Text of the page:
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Giant cell tumor, more commonly known as malignant fibrous histiocytoma, is a subtype of fibrosarcoma and is usually malignant due to its rapid growth deep within the skin, its octopus-like shape, and the presence of spindle cells, which indicate cancer. Though rare in cats, malignant fibrous histiocytoma is the most common type of soft tissue tumors in cats, making up 60% of all sarcoma diagnoses. In rare cases, it can spread to muscles and to the lymphatic system. There is a high recurrence rate even after surgery.
Giant cell tumors are frequently found in the skin and connective tissues of middle to older aged cats such as at vaccine injection sites between the shoulder blades or in the soft tissue of the hind legs. They can also be found in the neck, abdomen, and forelimbs. There are no indications that giant cell tumors affect one sex more than the other.
All organs in the body have fibrous connective muscle tissue, nerves, and special white blood cells called macrophages or histiocytes. These blood cells work with the immune system to help eliminate harmful waste from the body and defend against disease. When there is an abnormal growth of these cells, benign tumors called histiocytomas may develop.
There are also connective tissue cells called fibroblasts that help the body to heal after injury. If a histiocytoma is found to have fibroblasts fused to it, as well as additional multinucleated cells within the presence of a large amount of collagen, it is called a giant cell tumor and is usually malignant. Its development is often due to the immune system attacking an infectious agent cell.
Tumors under the skin or fat layers may appear in different sizes and shapes, but they are almost always firm and fleshy to the touch. Clusters of lumps can appear in one location. Other symptoms include:
The reason any cancer develops is unknown. Many doctors believe that it may be the result of a series of unfortunate issues that the pet is experiencing, some environmental and some genetic. Therefore, the true cause of malignant fibrous histiocytoma is also unknown. However, there are two strong suspicions of causes:
Recombinant Feline Leukemia Virus
Malignant fibrous histiocytoma may be instigated by feline sarcoma retrovirus (a variety of feline leukemia virus). This theory applies mainly to middle-aged cats but not older, cats since they have developed an immunity to the virus over time. Therefore, if an older cat is found with a tumor, it is highly probable that it is not related to the virus.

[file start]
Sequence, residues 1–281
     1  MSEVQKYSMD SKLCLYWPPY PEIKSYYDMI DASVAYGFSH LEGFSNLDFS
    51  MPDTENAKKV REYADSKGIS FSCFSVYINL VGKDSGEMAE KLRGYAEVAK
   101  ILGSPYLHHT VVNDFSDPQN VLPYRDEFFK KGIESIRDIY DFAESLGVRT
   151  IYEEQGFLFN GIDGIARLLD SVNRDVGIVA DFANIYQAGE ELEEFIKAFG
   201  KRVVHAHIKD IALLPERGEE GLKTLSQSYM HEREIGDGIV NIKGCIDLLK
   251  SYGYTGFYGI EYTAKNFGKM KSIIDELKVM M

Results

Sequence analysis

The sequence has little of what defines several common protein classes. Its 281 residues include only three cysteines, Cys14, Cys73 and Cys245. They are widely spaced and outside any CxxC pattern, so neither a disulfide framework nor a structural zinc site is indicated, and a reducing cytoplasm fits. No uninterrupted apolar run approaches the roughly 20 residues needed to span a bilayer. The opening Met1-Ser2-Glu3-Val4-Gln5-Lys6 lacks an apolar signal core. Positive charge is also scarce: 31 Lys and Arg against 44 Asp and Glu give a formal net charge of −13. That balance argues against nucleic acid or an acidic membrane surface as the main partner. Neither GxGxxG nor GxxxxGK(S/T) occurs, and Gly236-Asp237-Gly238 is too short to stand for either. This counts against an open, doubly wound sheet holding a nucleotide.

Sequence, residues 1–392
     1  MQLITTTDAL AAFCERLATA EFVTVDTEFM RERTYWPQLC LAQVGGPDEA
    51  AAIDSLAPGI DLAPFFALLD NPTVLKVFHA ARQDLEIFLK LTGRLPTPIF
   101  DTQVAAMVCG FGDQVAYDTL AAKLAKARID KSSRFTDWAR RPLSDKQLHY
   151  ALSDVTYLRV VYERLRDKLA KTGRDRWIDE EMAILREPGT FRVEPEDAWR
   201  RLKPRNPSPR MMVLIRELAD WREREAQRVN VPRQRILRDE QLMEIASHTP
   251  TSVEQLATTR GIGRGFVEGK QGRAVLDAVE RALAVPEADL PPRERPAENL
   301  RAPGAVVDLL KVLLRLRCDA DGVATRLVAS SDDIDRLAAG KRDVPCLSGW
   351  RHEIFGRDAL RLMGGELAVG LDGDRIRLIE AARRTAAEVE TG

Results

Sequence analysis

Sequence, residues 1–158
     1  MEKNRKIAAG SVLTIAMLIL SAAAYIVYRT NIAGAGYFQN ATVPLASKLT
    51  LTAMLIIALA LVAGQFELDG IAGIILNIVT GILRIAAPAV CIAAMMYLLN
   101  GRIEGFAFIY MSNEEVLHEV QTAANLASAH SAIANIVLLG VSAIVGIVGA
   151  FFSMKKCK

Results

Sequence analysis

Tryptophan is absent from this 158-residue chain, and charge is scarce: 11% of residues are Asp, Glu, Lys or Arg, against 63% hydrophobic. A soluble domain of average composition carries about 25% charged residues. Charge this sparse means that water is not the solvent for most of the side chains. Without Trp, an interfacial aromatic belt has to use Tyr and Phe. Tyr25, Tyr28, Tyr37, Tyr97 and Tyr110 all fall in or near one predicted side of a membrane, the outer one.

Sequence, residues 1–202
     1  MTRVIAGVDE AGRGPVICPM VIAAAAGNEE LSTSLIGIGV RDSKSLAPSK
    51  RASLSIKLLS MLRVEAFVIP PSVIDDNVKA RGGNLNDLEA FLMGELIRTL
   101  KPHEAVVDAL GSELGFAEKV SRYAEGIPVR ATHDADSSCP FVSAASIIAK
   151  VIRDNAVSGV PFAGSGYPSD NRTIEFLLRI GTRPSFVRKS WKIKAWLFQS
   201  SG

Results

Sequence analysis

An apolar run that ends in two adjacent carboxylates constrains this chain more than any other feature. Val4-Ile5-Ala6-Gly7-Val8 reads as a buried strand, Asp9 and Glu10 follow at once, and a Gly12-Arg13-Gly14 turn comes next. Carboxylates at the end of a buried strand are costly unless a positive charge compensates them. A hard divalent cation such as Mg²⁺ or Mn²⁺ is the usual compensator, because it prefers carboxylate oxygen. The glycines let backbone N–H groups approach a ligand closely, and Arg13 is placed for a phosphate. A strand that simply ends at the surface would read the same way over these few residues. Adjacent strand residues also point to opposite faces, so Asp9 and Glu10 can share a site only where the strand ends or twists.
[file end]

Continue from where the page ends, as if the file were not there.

Since tumors sometimes develop at injection sites for certain rabies and feline leukemia vaccines, manufacturers are testing to see if their vaccines are a contributing factor. Studies address whether the vaccines can be administered less frequently and if there is a safer location on the body in which to give the vaccine than between the shoulder blades, on the lower neck, or in the leg.
After an initial physical exam, your veterinarian will collect whatever evidence can be found to determine the cause of the lump. Typically, x-rays and ultrasounds are taken to show the location of the lump as well as its size and shape. Additional testing such as a blood test and a urinalysis may be conducted to rule out any underlying conditions. Note that these tests will not give an indication if the lump is cancerous or not.
Because a tumor can have varying characteristics, both between different tumors and even within the same tumor, it is very important to test for its exact type in order to identify what kind of cancer your cat has. For that reason, your veterinarian will conduct either a needle aspiration or a biopsy to make an accurate diagnosis.
Needle aspirations are common, but they are rarely accurate. The only way to make a true determination of the type of cancer is to take a biopsy of the lump and send it to a specialized laboratory for testing. Because of the octopus-like structure of the tumor, in which its “legs” burrow deep into the tissue, exploratory surgery is necessary to obtain a viable sample of the lump. The laboratory will determine if spindle (cancerous) cells are present in the sample. If the entire lump was taken out, the laboratory will determine if all of the cancer cells were removed from the area and that the margins, or the area around the tumor, are clean.